Review: The Zookeeper’s Wife, by Diane Ackerman

The Zookeeper's Wife The Zookeeper’s Wife: A War Story
by Diane Ackerman
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The Zookeeper’s Wife sounds rather grim on the surface: it’s about the keepers at the Warsaw Zoo hiding Jews during the holocaust. As the blurbs on the back say, it’s a rough subject to find in such a beautiful book, and yet, beautiful is what this story is.

Antonina and Jan live in a modern glass house inside the zoo. When the Nazis arrive in Poland, many of their animals are sent to German zoo’s, while others are slaughtered for sport, and yet, because one of the ranking officers is a zoologist, of sorts, the pair are allowed to remain in residence for most of the war, and eventually the zoo houses both a munitions station, and a fox farm.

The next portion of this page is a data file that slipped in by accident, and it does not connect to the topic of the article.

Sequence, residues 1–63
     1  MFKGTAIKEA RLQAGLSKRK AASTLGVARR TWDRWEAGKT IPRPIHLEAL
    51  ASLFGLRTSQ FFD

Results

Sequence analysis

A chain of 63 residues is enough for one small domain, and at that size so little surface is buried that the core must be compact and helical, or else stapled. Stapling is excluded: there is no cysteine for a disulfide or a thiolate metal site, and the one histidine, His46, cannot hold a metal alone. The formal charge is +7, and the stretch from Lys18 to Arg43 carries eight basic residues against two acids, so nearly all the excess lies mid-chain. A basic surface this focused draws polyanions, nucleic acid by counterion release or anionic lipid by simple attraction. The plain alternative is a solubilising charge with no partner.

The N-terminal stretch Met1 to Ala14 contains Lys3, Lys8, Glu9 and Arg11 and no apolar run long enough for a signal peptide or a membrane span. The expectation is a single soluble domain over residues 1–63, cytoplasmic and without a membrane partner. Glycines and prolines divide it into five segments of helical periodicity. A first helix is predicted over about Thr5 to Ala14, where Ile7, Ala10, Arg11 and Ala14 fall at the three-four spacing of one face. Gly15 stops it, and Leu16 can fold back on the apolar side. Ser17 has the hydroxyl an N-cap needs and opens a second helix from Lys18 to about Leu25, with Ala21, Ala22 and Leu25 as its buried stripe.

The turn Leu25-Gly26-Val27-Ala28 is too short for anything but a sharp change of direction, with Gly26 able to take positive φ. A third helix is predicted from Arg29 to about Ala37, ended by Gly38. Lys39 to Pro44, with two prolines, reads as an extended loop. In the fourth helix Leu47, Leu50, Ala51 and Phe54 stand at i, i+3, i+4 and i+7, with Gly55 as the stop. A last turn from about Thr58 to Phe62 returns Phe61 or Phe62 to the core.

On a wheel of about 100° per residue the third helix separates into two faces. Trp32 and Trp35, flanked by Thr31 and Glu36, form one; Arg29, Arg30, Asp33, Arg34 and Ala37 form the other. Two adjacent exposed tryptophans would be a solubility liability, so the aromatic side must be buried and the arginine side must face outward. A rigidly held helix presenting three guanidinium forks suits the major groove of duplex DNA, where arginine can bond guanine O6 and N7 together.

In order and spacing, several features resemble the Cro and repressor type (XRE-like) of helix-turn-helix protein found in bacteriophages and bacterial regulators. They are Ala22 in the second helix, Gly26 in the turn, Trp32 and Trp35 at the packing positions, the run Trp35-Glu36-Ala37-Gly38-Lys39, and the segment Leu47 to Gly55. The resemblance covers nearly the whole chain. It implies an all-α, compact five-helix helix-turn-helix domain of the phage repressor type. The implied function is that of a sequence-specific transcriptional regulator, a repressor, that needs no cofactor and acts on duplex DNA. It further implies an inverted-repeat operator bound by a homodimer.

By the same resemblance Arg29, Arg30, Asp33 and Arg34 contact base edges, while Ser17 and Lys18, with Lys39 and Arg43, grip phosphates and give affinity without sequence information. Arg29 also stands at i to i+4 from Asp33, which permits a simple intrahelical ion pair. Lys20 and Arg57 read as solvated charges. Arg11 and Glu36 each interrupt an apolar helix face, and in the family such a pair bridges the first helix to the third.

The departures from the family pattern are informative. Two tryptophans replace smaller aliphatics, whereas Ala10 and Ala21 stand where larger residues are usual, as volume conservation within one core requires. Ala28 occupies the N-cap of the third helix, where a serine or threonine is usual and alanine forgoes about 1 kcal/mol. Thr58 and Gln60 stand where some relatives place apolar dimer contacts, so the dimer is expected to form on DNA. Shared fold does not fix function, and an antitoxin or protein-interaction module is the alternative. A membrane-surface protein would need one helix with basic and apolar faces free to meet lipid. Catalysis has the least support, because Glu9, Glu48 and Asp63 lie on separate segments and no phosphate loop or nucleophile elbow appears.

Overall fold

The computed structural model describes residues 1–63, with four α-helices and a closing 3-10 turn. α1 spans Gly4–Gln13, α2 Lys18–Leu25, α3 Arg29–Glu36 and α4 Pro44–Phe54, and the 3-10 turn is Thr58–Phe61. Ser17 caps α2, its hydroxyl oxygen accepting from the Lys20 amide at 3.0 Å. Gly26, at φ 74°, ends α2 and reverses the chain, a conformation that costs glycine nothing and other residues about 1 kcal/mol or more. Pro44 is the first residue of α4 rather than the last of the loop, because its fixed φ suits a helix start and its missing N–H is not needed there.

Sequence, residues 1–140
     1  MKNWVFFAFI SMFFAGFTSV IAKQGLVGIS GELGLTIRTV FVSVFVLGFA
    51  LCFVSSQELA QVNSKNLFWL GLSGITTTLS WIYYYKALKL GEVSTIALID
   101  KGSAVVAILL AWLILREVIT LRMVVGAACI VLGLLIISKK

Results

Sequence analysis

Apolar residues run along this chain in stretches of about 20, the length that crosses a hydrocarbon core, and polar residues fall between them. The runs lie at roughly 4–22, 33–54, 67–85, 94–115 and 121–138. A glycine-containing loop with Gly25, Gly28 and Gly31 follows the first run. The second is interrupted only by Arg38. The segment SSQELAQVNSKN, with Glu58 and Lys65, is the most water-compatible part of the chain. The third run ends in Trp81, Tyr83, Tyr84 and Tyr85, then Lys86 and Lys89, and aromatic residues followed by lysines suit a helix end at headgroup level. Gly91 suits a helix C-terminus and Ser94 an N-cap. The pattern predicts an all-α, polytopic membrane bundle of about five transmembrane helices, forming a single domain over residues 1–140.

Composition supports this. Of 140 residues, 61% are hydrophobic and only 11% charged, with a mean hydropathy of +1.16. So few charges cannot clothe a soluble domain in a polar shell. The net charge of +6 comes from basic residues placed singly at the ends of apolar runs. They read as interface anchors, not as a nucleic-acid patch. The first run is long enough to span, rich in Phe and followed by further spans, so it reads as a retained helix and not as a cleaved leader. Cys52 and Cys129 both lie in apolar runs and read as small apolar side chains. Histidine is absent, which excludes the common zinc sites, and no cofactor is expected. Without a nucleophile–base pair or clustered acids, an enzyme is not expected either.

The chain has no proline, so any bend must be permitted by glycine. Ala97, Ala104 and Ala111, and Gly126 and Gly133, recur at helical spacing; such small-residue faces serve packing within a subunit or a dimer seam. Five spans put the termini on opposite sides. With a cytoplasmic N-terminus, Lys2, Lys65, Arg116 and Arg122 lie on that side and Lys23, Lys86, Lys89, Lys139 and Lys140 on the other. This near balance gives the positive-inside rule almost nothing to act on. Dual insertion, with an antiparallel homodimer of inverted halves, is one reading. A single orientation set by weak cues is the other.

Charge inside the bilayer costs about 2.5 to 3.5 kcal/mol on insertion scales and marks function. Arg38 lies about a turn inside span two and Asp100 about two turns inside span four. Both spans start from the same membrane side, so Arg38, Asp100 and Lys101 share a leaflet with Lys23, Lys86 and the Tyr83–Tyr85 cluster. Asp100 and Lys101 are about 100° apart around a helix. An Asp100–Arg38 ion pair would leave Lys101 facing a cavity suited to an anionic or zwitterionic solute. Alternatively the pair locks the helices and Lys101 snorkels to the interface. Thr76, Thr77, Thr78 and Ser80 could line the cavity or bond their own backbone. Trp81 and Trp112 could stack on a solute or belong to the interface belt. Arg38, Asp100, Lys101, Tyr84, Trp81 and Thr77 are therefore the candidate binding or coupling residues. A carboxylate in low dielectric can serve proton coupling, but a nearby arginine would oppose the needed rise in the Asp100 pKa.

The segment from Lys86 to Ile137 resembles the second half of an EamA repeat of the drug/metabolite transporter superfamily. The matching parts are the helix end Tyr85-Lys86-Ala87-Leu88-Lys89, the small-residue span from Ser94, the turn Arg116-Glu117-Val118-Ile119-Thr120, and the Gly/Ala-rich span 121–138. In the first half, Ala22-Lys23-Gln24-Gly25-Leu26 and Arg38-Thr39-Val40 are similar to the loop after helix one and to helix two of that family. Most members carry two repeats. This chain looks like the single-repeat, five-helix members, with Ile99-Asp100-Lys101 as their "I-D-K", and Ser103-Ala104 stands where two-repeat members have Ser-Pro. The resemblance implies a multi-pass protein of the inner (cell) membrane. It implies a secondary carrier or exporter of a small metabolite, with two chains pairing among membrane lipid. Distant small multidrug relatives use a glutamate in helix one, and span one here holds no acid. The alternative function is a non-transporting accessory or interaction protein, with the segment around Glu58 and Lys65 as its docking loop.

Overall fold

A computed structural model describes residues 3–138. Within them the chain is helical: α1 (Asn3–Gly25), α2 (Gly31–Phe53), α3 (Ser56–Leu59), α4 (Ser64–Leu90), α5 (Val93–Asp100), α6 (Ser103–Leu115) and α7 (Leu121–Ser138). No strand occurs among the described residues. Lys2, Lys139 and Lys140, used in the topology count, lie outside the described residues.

At the same time, Jan and Antonina are smuggling Jewish people out of the ghetto, using their zoo as an initial stop on a sort of “underground railroad.” Some of these Guests are housed in the old aviary, in the rabbit house, in the pheasant house, and are referred to by the names of the animals whose cages they occupy. Others are hidden in closets, walls, tunnels, etc. around the the house, and still others move in, hiding in plain site.

Throughout this book, which reads like a novel though it is not fiction, even when things are at their worst, Antonina holds her strange family together, and a thread of hope runs through it all.

Goes well with: a bowl of hearty soup, artisan bread, and a cold gray day.